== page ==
“What I would say is that if you don’t need to use the NHS then don’t. We want to help everyone that needs medical treatment, and if you need to see a doctor then come in.
“But if you don’t need to see a GP or go to the hospital, then don’t.”
Practice Manager Clare Boyall has worked at the Oakwood Surgery for three decades.
She says she has seen many changes in the role of a GP in that time.
“In my opinion doctors now have more paperwork to do, and on less money,” said Clare, aged 49.
She added: “The medicine side of things has definitely improved.
“There have been some great developments over the last 30 years.
“But the doctors now have to jump through far more hoops to get the same amount of funding and resources they used to.
“In the old days GPs came in, saw their patients and then went back home to their families.
“But now they are expected to fill out paperwork, attend meetings, speak to health boards be involved with local issues - as well as seeing and treating patients.
“They come in first thing in a morning, and leave well into the evening, that’s the standard now.”
What a GP surgery is like for staff and patients
Emma Ivey is one of the reception staff at the Oakwood Surgery, and after receiving ‘great’ treatment there as a patient she says she was convinced it would be a good and worthwhile place to work.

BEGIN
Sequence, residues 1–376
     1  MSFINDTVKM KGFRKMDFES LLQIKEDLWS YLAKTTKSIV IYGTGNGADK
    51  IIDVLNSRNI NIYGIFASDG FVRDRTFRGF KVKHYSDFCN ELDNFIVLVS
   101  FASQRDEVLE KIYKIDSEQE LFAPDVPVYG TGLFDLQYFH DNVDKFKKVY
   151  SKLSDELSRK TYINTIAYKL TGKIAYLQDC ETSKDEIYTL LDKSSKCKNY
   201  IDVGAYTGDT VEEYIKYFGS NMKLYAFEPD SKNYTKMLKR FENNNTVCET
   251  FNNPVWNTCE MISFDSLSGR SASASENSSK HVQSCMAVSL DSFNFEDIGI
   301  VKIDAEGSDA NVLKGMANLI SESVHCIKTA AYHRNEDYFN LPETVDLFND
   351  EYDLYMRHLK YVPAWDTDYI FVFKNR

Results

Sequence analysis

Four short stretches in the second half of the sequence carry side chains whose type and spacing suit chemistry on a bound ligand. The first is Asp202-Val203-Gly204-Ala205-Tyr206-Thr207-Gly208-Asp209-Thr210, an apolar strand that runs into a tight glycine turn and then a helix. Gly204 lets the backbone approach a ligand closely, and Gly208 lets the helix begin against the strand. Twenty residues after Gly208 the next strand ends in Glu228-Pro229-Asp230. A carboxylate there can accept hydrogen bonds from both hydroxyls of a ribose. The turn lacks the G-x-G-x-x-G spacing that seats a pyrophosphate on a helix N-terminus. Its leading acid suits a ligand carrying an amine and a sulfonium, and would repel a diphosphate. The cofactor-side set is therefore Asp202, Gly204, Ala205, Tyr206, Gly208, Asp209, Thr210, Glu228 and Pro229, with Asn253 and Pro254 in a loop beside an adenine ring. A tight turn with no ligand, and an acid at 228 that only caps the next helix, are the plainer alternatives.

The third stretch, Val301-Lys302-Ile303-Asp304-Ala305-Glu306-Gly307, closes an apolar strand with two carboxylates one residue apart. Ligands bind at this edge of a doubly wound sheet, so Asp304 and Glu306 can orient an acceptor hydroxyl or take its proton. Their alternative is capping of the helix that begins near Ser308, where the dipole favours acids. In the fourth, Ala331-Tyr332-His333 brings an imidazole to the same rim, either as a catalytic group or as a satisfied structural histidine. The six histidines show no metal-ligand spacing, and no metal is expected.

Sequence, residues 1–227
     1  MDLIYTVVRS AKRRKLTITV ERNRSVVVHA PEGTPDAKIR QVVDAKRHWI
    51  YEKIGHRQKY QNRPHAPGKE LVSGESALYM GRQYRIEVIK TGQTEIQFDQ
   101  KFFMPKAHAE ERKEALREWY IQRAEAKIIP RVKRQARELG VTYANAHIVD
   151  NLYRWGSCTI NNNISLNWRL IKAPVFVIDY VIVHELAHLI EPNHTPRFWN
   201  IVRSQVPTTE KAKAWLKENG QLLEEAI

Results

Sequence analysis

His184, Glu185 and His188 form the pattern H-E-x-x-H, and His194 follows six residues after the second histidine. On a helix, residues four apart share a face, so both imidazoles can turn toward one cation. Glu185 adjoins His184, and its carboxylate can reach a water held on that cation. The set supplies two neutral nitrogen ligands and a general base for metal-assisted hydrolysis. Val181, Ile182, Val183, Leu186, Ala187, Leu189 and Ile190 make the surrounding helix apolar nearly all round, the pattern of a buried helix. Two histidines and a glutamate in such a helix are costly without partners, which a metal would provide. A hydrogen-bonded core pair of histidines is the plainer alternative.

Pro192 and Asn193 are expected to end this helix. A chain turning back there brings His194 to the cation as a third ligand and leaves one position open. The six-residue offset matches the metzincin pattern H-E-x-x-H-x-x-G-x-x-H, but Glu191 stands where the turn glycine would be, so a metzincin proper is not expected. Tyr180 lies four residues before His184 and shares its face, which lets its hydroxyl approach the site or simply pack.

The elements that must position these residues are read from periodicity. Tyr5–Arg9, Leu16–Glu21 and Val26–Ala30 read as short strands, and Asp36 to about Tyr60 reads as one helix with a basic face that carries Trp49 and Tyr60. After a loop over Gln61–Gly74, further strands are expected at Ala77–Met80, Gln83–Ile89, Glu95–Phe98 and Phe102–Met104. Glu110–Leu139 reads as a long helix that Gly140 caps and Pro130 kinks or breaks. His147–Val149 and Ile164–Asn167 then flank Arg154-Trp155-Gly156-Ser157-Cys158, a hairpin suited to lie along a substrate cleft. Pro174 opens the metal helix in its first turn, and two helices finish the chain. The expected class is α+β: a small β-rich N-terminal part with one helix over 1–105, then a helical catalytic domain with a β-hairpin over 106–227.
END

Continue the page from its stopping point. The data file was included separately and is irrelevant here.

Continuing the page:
Among the responsibilities held by the 22-year-old is the booking of appointments, which involves taking basic details of a patient’s condition and passing them through to a doctor.
On the day I visited Emma spoke to approximately 100 patients, some on the phone and some face-to-face,
She said: “It’s quite normal to speak to that many people in a morning, and I think about 98 per cent are later spoken to by a doctor.
“This is the first doctors’ surgery I’ve ever worked at but it does feel very busy, it never really goes quiet.
“Our busiest days are probably Mondays and Fridays, because people have either waited over the weekend to be treated or because they’re trying to get an appointment before the weekend.
“It’s a fantastic job. The doctors here are great, and are really helpful if you ever need to speak to them.
“Sometimes it can be worrying because you never want to make a mistake, but I think it’s worthwhile.
“Part of what I do involves the paperwork for patients, and after a person has been to the hospital there’s often a lot sent in to the surgery about their next appointment and that sort of thing.
“I try to keep on top of it as I go along, otherwise it piles up because so much is sent in every day.
Christina Barker has been a patient with the Oakwood Surgery since 2002, and says she and her family have always received excellent treatment from the doctors there.
“I think it’s a great surgery,” said the 67-year-old.
She added: “I don’t come very often, except for these last few weeks, but when I do come in I can usually get an appointment when I want one, and the doctors all remember me and are very kind.
“All of my family are treated by Dr Eggitt, and it’s nice for us to all see the same person who knows about us and remembers.
“That’s how is should be with a doctor.”